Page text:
That was a day in June which hit 43C. The month was 2C higher than the average and in general, it was a hot year throughout. We had 25% less rainfall than average (whatever that means at this point) and the nights got slightly cool but weren’t cooling off like they normally do. Lastly, the majority of the rain came in the late fall months after the harvest. To re-quote the bar regular, “Hot”.

This year had all the makings of being the hot sticky mess that 2012 was where most of the resulting wines turned out pruney with a great deal of cooked fruit, low acidity, and simply no ability to evolve. But… that didn’t happen. No one really knows why (perhaps it was having dealt with 2012) but you don’t find blowsy, massive wines from 2017 in DOQ Priorat. There’s a great deal of elegance to these wines and while alcohols are usually running higher than say, 2016, they’re not as high as 2015.

There is definitely a “darkness” to the wines and you see it with this Salanques 2017 in that it’s dark fruit dominated with a lot of brooding, earthy notes to it, but the fruit isn’t cooked and on the palate and there’s plenty of acidity to really take this wine places if you want to age it. That said, you can drink it immediately and find yourself in a happy place.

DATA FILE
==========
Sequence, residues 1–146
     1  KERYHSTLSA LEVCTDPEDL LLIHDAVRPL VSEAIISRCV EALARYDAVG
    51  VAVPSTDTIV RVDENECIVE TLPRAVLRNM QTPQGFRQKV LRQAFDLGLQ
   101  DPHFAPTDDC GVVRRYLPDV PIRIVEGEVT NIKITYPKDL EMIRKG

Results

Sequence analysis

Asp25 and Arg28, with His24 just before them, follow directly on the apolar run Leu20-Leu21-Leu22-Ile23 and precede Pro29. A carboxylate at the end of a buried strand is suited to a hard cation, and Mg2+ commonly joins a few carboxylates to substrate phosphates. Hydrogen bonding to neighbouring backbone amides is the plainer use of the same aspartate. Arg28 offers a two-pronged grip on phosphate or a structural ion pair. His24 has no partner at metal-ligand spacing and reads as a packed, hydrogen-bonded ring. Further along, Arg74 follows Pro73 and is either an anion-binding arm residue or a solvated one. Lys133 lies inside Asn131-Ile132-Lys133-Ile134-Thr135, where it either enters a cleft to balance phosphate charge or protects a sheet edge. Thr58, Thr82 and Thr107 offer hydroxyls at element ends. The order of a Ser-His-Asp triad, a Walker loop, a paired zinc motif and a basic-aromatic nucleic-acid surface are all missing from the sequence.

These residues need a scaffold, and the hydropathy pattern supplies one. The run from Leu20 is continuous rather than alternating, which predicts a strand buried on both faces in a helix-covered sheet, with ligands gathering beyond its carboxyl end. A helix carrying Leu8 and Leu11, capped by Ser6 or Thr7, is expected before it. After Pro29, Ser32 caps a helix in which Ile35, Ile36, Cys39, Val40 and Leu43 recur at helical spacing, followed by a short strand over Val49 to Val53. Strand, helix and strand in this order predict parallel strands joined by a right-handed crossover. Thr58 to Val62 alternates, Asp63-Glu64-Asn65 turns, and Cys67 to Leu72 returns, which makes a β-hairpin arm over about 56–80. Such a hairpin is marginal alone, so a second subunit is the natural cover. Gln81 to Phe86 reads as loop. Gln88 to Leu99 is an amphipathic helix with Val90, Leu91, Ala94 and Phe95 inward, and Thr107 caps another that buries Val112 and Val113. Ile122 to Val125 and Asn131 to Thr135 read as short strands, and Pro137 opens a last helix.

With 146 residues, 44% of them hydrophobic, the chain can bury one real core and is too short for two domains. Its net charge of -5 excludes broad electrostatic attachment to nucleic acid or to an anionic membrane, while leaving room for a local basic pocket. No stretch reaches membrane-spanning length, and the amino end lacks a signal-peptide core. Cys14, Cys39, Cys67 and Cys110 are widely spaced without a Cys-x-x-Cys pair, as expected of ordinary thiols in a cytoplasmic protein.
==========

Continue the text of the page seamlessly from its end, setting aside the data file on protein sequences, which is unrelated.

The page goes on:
2018, tightness

Then there’s 2018 which is literally the polar opposite to 2017 on all counts. It was a damned wet year with 150-200% more than the average rainfall. On top of that, it was humid, muggy, and just generally unpleasant. Wineries with more coastal influence saw some fungal problems, but they didn’t see the cooling aspects to go along with it like was the case in 2014. Villages more inland like Gratallops saw that this humidity was really to their benefit and helped to balance the heat.

Across the entire region of Catalunya and even up into Southern France, I noted that a lot of 2018s had this reedy, bamboo quality in their youths. It would tilt towards a bit of being underripe and for those using stems, I think it really caused a bit of an issue in terms of this hard, chewy greenness getting into the wines initially. As I noted in the 2020 Priorat Report, top-end wineries like Clos Erasmus saw this greenness early on, to then see it burn off by the time the wines were bottled.